User login

We offer our registered users tailored information, free online courses and exclusive content.

You have an old EXCEMED account ...

Our platform has been renewed. All users registered at any of the old websites are kindly requested to reset their password. Why is this?

... or you lost your password?

This question is for testing whether or not you are a human visitor and to prevent automated spam submissions.

Perspective interview - Harvey Levy (newborn screening)

Perspective interview - Harvey Levy (newborn screening)

2014 PKU Perspectives Harvey L. Levy

Prof Harvey Levy shares his hopes for the future of newborn screening

Prof Harvey Levy1 of the Boston Children’s Hospital and Harvard Medical School, Boston (USA) is widely associated with the development and advancement of newborn screening. Among his many awards he is a past recipient of both the Robert Guthrie award (1997) from the International Society for Neonatal Screening and the Asbjørn Følling Award (2012) from the PKU Academy. He addressed delegates at the 2014 Annual Multidisciplinary European PKU Symposium on use of BH4 in children under four years old.

As well as being a practicing clinical biochemical geneticist, Prof Levy is an active researcher. His recent publications, including Levy (2014)2 and Landau et al (2014)3 have continued his long association with screening for inborn errors of metabolism (IEM), asking the questions, 'Where is newborn screening going?' and 'Where should it be going?' We asked him the same questions.

The future is genomic

'It is quite clear', Prof Levy told us, 'that we now have the ability to take the newborn blood specimen; the filter paper containing circles saturated with blood we collect to test for PKU and other metabolic disorders, and to go further with it. Thanks to new developments in genomic sequencing we now have the opportunity to use that blood specimen to look at all of the different base pairs of the baby’s DNA. It’s not likely that we’re going to be sequencing the DNA of a baby to the point where we’ll be identifying tens of thousands of diseases in the near future, although perhaps in the distant future that may be a possibility.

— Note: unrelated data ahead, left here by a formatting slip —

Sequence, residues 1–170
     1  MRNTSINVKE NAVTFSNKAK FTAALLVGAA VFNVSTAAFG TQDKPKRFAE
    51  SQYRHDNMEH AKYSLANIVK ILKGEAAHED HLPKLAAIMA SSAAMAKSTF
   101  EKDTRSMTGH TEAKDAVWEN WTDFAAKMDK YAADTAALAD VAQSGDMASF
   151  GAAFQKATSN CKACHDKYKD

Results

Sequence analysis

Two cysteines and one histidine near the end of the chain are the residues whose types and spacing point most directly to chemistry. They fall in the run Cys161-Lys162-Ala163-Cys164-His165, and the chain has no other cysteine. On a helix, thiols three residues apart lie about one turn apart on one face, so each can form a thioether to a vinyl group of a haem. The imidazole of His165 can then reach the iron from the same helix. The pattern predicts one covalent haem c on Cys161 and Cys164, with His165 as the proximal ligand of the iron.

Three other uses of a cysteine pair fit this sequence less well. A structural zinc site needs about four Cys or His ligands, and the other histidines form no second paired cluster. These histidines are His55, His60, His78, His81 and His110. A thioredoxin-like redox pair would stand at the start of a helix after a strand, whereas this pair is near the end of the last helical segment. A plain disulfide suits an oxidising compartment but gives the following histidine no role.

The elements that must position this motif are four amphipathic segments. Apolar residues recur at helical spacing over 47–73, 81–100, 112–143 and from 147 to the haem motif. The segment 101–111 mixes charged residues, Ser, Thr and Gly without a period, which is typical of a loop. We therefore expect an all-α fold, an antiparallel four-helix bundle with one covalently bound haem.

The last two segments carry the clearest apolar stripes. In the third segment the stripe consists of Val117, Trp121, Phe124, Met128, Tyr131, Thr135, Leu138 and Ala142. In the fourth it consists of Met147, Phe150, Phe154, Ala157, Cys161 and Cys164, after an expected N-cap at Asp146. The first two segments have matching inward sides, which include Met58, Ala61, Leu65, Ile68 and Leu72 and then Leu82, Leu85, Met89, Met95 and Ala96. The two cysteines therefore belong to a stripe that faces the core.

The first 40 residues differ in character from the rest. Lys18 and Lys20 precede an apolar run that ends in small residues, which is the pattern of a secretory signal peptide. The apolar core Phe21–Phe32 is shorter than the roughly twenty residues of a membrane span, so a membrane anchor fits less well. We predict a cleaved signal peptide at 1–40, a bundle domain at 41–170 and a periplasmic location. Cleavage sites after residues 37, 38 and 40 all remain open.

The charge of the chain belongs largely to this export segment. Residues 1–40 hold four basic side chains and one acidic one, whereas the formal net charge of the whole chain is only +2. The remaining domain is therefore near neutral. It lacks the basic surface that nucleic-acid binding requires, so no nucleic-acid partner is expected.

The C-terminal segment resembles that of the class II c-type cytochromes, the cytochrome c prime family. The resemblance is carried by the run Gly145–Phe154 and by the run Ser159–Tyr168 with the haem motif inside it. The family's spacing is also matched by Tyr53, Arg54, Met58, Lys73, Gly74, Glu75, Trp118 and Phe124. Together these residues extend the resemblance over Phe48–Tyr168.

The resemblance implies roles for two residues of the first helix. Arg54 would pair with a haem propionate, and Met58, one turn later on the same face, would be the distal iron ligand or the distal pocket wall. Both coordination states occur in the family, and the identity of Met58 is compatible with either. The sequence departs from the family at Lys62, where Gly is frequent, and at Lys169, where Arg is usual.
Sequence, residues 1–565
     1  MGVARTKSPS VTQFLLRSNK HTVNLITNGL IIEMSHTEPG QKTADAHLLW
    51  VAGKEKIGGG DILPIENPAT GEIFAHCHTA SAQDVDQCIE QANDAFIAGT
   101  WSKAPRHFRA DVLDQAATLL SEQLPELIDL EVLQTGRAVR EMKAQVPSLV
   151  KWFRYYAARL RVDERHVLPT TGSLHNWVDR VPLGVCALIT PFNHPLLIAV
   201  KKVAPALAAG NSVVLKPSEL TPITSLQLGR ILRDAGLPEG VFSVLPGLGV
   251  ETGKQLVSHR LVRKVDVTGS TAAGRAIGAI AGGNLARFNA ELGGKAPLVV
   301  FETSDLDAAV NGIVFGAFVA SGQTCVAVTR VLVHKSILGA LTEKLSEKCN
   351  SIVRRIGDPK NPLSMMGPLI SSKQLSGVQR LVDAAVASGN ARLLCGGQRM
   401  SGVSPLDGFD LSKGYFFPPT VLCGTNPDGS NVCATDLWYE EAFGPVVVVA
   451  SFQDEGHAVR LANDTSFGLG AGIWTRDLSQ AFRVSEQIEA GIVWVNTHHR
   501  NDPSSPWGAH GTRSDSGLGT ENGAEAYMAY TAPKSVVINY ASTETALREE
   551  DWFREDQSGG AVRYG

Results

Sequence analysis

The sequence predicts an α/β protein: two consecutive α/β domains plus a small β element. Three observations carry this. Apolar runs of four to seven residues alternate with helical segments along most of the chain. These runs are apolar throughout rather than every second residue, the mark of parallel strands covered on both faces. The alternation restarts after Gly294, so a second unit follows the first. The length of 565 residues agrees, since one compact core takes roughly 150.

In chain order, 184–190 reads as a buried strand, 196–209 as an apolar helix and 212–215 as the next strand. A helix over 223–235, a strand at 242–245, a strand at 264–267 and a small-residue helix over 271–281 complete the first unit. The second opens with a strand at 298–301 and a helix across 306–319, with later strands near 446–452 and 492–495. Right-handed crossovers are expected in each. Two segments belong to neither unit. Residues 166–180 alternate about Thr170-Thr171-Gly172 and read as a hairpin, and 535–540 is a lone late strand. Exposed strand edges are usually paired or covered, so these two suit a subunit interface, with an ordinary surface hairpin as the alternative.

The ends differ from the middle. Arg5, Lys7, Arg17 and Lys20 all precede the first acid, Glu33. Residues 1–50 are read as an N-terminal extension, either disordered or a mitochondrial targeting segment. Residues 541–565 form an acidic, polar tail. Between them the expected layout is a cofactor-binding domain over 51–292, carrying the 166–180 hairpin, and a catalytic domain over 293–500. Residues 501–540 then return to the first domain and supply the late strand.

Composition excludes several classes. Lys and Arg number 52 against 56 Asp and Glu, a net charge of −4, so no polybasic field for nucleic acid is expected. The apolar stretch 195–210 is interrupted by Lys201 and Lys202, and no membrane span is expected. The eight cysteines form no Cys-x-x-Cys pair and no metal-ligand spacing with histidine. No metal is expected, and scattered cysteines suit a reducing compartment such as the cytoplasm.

'This is both an exhilarating and a frightening possibility. With genomic screening you can theoretically identify virtually any genetic disease as well as variations within those disorders that may be important for the baby.

'But in the course of looking at all of the different areas of the DNA there is a risk that we could also misinterpret what we see. We could think that the baby has a disease because we find a variation in the DNA that in actuality is simply a harmless difference. We do not yet know all of the normal variations within the world’s population of individuals. However, we do know that everybody has a different configuration of DNA from everyone else. So therein lies both the promise and the possible complications.'

You’ve got to eliminate the false-positive

He added: 'The promise is that we will be able to identify far more diseases by newborn screening than we are now identifying, many of which are important to identify because we might be able to use early treatments to prevent the complications. Even when we don’t have treatments it would still be of great benefit to the family to have a diagnosis as early as possible in the course of the child’s life.